In order to understand how extensive the repertoire of Ek is, it was necessary to watch her sing Porpora in Innsbruck. She has a highly convenient, fluent, sweet and beautiful toned voice for singing a Baroque Period piece. As a matter of fact, it was the considerably lighter soprano parts that she undertook in 4 and 8, that made us listen to her in Mahler’s works. She was responsible for one of the most difficult parts dramatically in Il Germanico. Rosmonda is a character constantly in pain, who is stuck between her father and husband. The singer revealed outstanding performances in terms of agility, portraying the distressed mood successfully, in the arias Rivolgi a me le ciglia which was at the beginning of the Act 1, and Son qual misero naviglio which was at the end. We also noted the woodwinds that accompanied gently, especially to the second aria. She achieved a great harmony in the impressive coda at the end of the duet that she sang with Arminio, towards the end of Act 3. Pouring snow over the stage at that moment was a nice idea of the director. Mezzosoprano Emilie Renard who played Ersinda, was the name that completed the ranking singer cast of Il Germanico. The dramatic burden that was loaded upon Rosmonda by the composer was spared from Ersinda, and the role’s emotional interaction with Germanico’s aide Cecina was put forward. Renard impressed with her Act 1 aria Al sole I lumi that she sang especially in a tempting manner, in the scenes that she flirted with Cecina.



In every Innsbruck Festival for the past five years, after Scarlatti opera I watched in 2012, the Italian conductor Alessandro De Marchi who -like the directors before, including Rene Jacob did- presents beautiful forgotten examples of Baroque opera; once again proved in Porpora’s opera, how meticulous and pedantic Baroque Period expert he is. Academia Montis Regalis, which consists of mostly Italian, 32 young and middle aged musicians, performed their duties in a beautiful harmony with the singers on stage, on the downstage that was reserved for the orchestra (I am not saying orchestra pit since the musicians were positioned on the same level with the audience) of Landestheater auditorium, which is very suitable for performing this period’s vocal pieces. Although libretto was cut in some passages; with a 4.30 hour run time, long recitatives and da capo arias, in Il Germanico, like many Baroque period operas, one of the factors that allows us to overcome the feeling that makes today’s audience say “it would have been better if it was a little bit shorter”, is that De Marchi and the musicians were extremely experienced with this repertoire. The reason behind the tone that Academia Montis Regalis produces being darker and more fresh than we are used to is that, the standard tuning value was 392 Hz in the year 1732 when the premiere of Il Germanico was performed in Rome and this was deeper than 415 Hz which is preferred for today’s Baroque Period music. (This value was determined as 440 Hz for Romantic Period and later).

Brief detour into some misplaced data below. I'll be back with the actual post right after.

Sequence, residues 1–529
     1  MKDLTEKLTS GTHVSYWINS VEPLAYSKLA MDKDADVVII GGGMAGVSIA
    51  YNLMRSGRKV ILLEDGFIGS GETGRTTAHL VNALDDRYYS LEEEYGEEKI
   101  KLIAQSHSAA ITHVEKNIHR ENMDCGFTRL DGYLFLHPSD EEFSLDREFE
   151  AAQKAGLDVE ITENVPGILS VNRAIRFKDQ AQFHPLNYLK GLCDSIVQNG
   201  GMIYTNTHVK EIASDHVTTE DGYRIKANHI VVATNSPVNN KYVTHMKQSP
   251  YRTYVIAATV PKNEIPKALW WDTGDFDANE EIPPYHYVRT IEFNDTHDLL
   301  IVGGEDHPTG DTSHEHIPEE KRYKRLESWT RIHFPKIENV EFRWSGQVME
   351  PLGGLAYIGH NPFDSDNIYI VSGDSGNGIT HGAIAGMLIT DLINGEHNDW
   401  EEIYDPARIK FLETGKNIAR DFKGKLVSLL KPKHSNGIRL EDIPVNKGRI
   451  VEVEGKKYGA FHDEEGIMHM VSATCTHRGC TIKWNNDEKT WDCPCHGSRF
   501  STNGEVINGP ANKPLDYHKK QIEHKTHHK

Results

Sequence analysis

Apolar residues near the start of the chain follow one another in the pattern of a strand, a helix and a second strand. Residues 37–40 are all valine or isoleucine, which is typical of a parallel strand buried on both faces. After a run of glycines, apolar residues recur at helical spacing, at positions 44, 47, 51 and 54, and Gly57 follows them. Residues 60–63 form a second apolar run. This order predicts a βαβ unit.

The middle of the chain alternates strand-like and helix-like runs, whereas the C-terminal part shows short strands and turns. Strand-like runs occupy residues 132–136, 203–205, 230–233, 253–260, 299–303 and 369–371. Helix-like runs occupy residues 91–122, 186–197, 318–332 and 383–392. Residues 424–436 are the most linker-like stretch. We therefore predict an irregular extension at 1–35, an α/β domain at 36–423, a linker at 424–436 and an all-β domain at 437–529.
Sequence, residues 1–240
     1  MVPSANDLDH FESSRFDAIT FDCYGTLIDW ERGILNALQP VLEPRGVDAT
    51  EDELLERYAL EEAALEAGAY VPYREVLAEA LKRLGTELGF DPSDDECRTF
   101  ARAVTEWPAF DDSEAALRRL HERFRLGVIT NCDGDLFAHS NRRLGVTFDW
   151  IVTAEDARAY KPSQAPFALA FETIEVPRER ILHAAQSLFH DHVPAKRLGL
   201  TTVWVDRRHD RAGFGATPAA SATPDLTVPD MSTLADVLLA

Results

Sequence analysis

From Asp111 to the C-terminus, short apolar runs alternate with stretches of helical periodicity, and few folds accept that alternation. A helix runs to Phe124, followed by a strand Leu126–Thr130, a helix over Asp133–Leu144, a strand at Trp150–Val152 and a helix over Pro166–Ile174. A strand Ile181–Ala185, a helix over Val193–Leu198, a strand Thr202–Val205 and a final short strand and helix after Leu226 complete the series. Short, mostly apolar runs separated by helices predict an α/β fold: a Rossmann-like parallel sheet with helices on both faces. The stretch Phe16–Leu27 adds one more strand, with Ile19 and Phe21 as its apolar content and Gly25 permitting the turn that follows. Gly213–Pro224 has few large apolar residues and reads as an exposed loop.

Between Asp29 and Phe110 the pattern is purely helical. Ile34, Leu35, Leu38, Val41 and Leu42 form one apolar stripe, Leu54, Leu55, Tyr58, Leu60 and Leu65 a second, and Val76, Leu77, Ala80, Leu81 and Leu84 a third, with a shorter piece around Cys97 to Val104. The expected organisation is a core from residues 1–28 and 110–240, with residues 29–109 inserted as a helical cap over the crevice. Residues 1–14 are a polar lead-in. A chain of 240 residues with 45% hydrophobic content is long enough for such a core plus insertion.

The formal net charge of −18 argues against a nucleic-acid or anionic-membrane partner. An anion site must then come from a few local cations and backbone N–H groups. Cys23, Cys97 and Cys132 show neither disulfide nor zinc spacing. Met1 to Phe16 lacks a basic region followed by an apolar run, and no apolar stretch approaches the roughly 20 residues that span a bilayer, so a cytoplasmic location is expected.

However there is an issue that makes me sad about this Il Germanico production. It wouldn’t be right for this opera to go back to the dusty shelves that once taken from, only after just being staged for 3 performances, when it is clear to have been produced with hard work that lasted for months. The conductor Alessandro De Marchi, whom we had conversation with after the performance, also shared our thoughts; however what tied his hands about this matter is the tradition that the new operas presented every year in Innsbruck Early Music Festival would not pass on to the next year, and every year a new opera would be staged. On the other hand, De Marchi is very eager about the CD recording of Il Germanico to be made as soon as possible. People following closely the conductor’s discography, are close witnesses of the quality of albums he released with Deutsche Harmonia Mundi, Decca and Sony labels. (De Marchi showed that he was not only assertive with Baroque Period music, with the Decca labelled recording of Norma opera of Bellini in which mezzosoprano Cecilia Bartoli sang).     


It is wondered which forgotten opera will be brought down from the shelf and meet with opera lovers by Innsbruck Early Period Festival; which is one of the most important addresses that especially pre Baroque Period and Baroque Period music enthusiasts must certainly visit.     


Serhan Bali